- The UK Gambling Commission has handed William Hill a big fine of £6.2m after finding out that the famous bookmaker breached anti-money-laundering regulations.
- UKGC says that this fine could rise even higher if more people come forward.
William Hill didn’t do enough to prevent money laundering according to Tim Miller at UKGC. He also said that the fine of £6.2m could rise even more to BBC News. Over ten people were able to deposit money to the bookmaker that was linked with criminal offences. William Hill earned over £1.2m on these players.
The fine that William Hill received was the second biggest ever imposed by the UKGC. The largest fine was £7.8m and it was given to 888 Casino. The reason for the fine was according to UKGC “failed to mitigate risks and have sufficient numbers of staff to ensure their anti-money-laundering and social responsibility processes were effective”.
William Hill said they have co-operated with UKGC the entire time and that they welcome these investigations. They will also do an independent investigation in order to help themselves with internal processes so that this never will happen again.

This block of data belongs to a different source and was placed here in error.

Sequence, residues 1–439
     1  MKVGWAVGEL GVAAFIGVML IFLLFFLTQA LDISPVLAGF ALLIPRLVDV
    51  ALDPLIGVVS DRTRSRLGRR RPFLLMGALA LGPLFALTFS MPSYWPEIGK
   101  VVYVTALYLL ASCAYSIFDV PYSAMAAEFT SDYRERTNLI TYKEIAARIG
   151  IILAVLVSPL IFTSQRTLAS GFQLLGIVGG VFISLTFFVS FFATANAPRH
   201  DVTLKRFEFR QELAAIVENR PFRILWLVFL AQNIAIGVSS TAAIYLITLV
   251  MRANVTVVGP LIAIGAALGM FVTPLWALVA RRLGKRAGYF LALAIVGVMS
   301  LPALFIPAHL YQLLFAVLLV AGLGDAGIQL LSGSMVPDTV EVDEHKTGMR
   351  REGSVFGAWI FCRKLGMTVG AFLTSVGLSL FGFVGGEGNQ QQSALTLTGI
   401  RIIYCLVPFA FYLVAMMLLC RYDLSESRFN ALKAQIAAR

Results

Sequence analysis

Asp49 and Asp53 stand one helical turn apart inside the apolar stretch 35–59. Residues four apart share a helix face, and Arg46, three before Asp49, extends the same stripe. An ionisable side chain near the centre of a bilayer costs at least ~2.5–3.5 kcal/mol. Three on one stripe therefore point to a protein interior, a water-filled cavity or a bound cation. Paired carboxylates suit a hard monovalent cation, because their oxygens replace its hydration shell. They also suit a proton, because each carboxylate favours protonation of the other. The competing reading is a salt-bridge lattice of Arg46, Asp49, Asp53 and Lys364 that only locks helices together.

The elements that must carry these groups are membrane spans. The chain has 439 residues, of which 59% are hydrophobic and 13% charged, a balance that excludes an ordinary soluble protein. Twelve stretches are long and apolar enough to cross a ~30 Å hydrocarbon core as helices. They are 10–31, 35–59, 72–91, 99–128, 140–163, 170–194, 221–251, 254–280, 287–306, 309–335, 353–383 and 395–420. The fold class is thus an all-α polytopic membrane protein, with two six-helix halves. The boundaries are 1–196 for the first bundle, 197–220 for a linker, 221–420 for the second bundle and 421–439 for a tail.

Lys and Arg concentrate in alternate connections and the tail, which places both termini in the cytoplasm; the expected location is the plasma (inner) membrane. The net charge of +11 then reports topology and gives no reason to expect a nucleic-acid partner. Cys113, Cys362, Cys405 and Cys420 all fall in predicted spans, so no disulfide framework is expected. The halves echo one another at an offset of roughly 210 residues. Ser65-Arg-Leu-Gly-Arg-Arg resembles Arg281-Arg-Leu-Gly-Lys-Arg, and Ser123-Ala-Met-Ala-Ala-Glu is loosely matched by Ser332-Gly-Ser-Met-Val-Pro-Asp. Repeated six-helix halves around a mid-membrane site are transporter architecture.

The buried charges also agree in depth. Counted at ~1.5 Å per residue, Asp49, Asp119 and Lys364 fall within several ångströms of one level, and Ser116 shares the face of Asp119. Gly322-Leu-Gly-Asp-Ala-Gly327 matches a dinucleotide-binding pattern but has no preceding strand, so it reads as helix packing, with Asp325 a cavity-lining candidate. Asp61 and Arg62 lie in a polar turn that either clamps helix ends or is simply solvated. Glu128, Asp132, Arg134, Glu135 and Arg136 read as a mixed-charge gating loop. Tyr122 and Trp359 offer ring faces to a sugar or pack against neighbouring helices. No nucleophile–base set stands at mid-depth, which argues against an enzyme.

Many of the criminal players deposited a lot of money without having any income or explanations on how they got the money in the first place. These players also have a criminal past. William Hill says that it’s hard to now as an operator where the players get their money but that they have to get a lot better on this.
We can assume that many other big online casinos have the same problem and that there are many criminal players with dirty money that plays each day at many different casinos. One player at William Hill played for £500,000 a yeah with an income of £30,000. This was possible because he stole money from his employer.
William Hill will now make sure that this won’t happen again, and other casinos are looking over their processes and regulations. This fine from UKGC is a great signal to all casinos that money laundering and criminal players never should be allowed at online casinos in Britain.